This was our picnic spot for the day. I decided to be the obnoxious person who fed the birds the rest of her bread. This was nothing compared to the rest of the birds who quickly joined the meal. Michelle, this would be the part where you would freak out!!! Michael was a little flustered. I swear he slowly started backing up the pram.
"Walk away from the pond with Kensington Palace behind you and the horse and rider, the statue of Physical Energy, directly in front. The grass here has been allowed to grow long to improve the habitat for birds, bees and wild flowers, which you can expect to see in the spring and summer. This is also a good spot for a picnic and some storytelling. Peter Pan was very fond of stories, particularly stories about himself. It was Wendy's boast that she had some good stories to tell the Lost Boys that made Peter decide to take the Darling children with him to Neverland. Why don't you make a miniature Wendy house with sticks, grass and leaves?"
"At the six-way junction by the statue, look over to your right and you will see in the distance the gleaming golden splendor of the Albert Memorial, built to commemorate Queen Victoria's beloved husband. From here, with the Long Water ahead, make your own path through the trees in the direction of Queen Caroline's Temple. Walk past it towards a tarmac path which clings to the side of the water.""When you reach the water turn right and walk under the Serpentine Bridge towards the Princess of Wales Memorial Fountain and the Lido, venue for the 2012 Olympic triathlon and open water swimming events and your chance for a swim. In the summer, when the pool is open to the public, the average temperature is 20 degrees Celsius. For the annual Peter Pan Christmas Day Race, for which J.M. Barrie donated a cup, it is probably freezing. You are now officially in Hyde Park, the site of several national celebrations including the 1851 Great Exhibition and in 1977 the Queen's Silver Jubilee Exhibition."
The day Princess Diana died was one of those days (31 August 1997) I will always remember. I was at Christina Guzik's birthday sleepover eating pizza in her basement when her parents called us upstairs to watch the news with them.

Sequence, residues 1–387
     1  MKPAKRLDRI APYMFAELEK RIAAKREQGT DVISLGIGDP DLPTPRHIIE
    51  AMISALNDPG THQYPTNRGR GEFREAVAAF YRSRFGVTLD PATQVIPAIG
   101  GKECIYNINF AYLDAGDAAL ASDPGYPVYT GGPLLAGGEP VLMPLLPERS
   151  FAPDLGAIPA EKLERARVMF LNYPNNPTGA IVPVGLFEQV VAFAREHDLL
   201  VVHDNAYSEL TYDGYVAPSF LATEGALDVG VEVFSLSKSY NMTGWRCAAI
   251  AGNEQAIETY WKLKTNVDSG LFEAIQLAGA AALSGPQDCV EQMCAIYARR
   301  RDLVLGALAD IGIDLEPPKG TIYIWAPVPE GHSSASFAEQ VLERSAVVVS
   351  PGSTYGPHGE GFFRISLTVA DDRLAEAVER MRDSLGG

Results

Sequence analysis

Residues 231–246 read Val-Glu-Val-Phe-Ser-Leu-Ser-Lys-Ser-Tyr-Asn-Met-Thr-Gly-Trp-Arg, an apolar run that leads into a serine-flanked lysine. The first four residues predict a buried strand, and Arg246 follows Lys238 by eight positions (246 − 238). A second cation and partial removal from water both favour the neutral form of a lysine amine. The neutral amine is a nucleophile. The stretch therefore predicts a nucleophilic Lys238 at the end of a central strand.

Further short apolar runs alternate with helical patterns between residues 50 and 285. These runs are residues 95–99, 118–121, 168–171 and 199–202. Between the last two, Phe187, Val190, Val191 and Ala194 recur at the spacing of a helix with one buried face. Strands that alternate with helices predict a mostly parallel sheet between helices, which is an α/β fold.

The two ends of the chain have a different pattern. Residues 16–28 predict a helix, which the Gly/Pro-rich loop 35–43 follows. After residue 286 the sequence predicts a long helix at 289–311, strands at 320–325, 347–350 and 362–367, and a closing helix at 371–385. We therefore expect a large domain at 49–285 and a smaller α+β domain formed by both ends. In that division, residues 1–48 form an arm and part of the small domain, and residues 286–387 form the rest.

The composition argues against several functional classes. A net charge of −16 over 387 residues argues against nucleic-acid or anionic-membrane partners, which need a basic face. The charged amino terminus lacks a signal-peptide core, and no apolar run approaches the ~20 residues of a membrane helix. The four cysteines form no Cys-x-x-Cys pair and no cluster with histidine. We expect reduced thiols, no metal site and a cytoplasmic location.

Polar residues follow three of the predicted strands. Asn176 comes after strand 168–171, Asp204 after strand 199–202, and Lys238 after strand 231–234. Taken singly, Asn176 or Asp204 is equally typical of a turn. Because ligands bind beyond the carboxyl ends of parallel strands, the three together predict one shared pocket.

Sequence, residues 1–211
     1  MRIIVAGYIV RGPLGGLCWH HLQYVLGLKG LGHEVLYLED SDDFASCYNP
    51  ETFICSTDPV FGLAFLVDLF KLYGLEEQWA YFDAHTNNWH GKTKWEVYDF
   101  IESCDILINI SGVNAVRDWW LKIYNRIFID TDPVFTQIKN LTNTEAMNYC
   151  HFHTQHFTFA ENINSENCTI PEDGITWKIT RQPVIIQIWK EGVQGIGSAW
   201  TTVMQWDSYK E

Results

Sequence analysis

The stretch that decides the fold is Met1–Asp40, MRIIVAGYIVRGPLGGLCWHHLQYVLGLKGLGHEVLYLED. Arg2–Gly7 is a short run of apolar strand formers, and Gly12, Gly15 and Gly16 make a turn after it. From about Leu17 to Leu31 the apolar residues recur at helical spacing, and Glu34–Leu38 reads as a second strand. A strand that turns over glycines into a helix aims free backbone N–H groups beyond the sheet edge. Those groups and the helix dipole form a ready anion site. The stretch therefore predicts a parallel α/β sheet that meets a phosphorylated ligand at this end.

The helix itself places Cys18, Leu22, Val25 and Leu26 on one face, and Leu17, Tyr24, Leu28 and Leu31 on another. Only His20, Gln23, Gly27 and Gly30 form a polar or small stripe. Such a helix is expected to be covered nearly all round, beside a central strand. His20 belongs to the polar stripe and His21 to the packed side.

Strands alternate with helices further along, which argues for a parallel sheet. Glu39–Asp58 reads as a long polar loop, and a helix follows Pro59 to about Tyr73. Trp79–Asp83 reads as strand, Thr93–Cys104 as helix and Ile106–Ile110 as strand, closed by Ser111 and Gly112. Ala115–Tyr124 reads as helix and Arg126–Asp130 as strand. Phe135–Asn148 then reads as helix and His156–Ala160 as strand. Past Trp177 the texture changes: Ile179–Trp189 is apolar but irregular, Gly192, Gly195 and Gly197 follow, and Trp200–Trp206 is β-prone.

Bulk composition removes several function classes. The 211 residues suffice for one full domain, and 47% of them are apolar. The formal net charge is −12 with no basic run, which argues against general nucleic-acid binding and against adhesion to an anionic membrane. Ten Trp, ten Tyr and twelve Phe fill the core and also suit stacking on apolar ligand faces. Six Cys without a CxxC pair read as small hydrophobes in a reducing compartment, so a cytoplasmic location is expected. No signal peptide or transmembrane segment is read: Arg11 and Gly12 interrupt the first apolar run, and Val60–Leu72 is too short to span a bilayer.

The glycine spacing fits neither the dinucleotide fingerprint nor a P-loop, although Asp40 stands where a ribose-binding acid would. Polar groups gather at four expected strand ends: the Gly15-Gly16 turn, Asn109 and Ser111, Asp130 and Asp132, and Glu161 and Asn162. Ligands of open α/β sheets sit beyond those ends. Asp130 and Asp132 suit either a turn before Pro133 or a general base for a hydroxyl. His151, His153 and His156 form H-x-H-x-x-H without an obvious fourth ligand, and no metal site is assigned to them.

I don't want to grow up...I'm a Toys R US kid...
"The lake was created in 1728 by Queen Caroline, wife of George II, who was also responsible for creating Kensington Gardens, which were opened, on Saturdays only, to the public (you had to be 'respectably dressed'). The most important thing to look for is the island far away up the lake to the right, probably the inspiration for Neverland, where Peter Pan takes Wendy, John and Michael once they have learned to fly. Can you see any smoke from the redskins' bonfire on the horizon?
In the real world, this island is a bird sanctuary: some unusual species have been spotted. Do report any unusual sightings to the park-keeper, as bird records for Kensington Gardens go back more than a hundred years. The lake also attracts a large number of insects that provide a perfect feeding ground for bats, which you can see at dusk.""Turn around , head back under the bridge and walk along the edge of Long Water until you reach the bronze Peter Pan statue on the left. This was meant to be modeled on Michael Llewelyn Davies but the sculptor chose another child and Barrie was quite unhappy about it."
"Walk towards the Italianate gardens and fountains up ahead. Listen out for the tap, tap, tap of the green woodpeckers that nest in the gardens."
"Turn left before you get to the gate and walk all the way back up to the Diana Memorial Playground."
"Be ready for combat against a ship full of pirates and Captain Hook! Once he is safely in the jaws of the crocodile you can sail home."
Exit by Black Lion Gate, cross over, turn right and walk down to the corner of Bayswater and Leinster Terrace to see the plaque on J.M. Barrie's house. Then head back up Bayswater to Queensway and home for tea of fairy cakes coated with a healthy sprinkling of fairy dust.
(Oops! I think Daddy and I were anxious to get back home. We not only skipped this last part, but I never even read it until just now. Note to self: work on getting better at following directions. okay, reading directions.)